Library Journal
In 1998, Wangerin wrote the acclaimed The Book of God: The Bible as a Novel. Here he turns his attentions to the tireless apostle Paul. A devout Jew fluent in the scripture of the Torah, Paul actively persecutes the fledgling Christians until Jesus strikes him blind and opens his eyes to the new faith. Then Paul casts off the hatred that led to the stoning of Stephen years earlier and shares his joy in the Lord with a disbelieving world. As Paul's story unfolds from the viewpoints of the people around him the slight, bantam rooster figure takes on an ethereal happiness that draws followers to Jesus wherever he goes. Barnabas, Prisca, Timothy, Titus, Lydia, James, Simon Peter, Simeon Niger, and others share good and bad thoughts of Paul, adding layers to an already complex figure. Paul only speaks for himself in letters. At times humorous, at times appalling, Paul's voice reaches beyond the pages of fiction to exhort a fundamental love of Jesus. For all collections. Copyright 2000 Cahners Business Information.\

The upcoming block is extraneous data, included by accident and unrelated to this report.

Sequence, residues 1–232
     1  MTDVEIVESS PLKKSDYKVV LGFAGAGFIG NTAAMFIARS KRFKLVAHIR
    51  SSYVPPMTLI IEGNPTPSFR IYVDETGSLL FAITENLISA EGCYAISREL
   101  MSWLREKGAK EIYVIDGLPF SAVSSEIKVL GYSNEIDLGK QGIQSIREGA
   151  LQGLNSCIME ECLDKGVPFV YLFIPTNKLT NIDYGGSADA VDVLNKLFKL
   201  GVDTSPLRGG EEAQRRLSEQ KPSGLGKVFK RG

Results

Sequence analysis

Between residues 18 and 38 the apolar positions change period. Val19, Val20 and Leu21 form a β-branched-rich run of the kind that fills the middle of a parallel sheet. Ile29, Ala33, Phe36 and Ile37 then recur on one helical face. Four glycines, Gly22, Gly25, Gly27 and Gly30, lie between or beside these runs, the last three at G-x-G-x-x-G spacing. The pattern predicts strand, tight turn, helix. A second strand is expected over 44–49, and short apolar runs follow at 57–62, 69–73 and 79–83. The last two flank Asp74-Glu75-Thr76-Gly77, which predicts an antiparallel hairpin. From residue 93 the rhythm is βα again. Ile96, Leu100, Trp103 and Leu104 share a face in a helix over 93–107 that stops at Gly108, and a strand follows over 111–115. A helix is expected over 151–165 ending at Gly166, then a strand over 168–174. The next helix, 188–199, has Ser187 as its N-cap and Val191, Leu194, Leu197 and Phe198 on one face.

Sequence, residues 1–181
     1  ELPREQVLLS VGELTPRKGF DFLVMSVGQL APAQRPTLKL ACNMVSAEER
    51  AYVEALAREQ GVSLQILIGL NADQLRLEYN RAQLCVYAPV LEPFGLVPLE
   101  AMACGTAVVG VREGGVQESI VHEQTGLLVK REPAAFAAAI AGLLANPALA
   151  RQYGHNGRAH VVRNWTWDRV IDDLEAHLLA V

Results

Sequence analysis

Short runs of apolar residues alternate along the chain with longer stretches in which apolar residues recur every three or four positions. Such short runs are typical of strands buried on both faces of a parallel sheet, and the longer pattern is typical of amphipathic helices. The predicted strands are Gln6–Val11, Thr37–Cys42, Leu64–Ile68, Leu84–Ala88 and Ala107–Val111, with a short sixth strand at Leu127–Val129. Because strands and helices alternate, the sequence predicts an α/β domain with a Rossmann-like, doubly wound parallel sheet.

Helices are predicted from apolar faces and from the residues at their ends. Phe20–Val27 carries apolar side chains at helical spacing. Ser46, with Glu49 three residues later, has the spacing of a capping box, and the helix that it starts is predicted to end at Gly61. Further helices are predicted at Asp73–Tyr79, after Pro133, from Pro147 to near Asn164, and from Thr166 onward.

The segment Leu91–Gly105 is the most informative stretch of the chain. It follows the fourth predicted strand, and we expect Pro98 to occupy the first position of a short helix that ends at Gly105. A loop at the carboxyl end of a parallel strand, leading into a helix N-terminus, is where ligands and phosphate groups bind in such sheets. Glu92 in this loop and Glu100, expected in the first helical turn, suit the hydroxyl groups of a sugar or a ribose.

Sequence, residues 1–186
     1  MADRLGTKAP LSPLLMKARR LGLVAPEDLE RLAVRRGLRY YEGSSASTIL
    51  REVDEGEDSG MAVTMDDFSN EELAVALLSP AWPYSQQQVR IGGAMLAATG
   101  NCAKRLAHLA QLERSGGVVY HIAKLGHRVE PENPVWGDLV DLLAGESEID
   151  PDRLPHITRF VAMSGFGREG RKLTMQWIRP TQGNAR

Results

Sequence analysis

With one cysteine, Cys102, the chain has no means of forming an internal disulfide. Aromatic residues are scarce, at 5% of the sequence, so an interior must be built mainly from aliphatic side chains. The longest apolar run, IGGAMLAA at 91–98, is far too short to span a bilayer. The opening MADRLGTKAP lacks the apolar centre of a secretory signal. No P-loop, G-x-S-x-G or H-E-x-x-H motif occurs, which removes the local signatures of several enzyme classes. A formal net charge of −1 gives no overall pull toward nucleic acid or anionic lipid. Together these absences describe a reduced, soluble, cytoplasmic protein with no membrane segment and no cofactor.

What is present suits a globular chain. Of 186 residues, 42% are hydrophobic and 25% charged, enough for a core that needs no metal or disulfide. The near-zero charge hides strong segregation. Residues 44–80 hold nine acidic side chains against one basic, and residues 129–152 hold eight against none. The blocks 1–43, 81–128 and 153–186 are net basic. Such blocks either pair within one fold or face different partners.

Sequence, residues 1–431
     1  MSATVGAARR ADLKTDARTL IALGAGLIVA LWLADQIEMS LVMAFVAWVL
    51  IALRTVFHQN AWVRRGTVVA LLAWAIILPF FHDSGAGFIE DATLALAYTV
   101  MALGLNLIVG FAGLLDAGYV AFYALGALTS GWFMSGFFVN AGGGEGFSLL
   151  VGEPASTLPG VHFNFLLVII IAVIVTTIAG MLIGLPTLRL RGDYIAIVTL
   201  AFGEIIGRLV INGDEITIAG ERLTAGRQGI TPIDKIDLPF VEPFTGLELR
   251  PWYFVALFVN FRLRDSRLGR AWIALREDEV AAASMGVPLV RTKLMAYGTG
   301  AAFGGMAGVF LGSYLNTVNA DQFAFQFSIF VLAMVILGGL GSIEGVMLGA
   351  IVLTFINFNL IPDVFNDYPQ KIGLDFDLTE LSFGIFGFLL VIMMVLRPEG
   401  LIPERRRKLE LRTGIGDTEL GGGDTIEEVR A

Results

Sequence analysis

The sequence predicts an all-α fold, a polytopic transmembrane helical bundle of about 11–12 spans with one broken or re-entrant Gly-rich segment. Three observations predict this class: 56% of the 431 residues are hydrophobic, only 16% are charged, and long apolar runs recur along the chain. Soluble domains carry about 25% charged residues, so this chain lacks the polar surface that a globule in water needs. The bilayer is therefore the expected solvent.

John Mort
Wangerin eschews such drama—or melodrama—favoring instead an approach that is conservative, quiet, lyrical, and scholarly.

Product Details

Publication date:
Sales rank:
Product dimensions:
6.00(w) x 9.00(h) x 1.40(d)
Age Range:
18 Years

Meet the Author

Walter Wangerin Jr. is widely recognized as one of the most gifted writers writing today on the issues of faith and spirituality. Known for his bestselling Book of the Dun Cow, Wangerin’s writing voice is immediately recognizable, and his fans number in the millions. The author of over forty books including The Book of God, Wangerin has won the National Book Award and the New York Times Best Children’s Book of the Year Award. He lives in Valparaiso, Indiana, where he is Senior Research Professor at Valparaiso University.

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Paul 4.5 out of 5 based on 0 ratings. 4 reviews.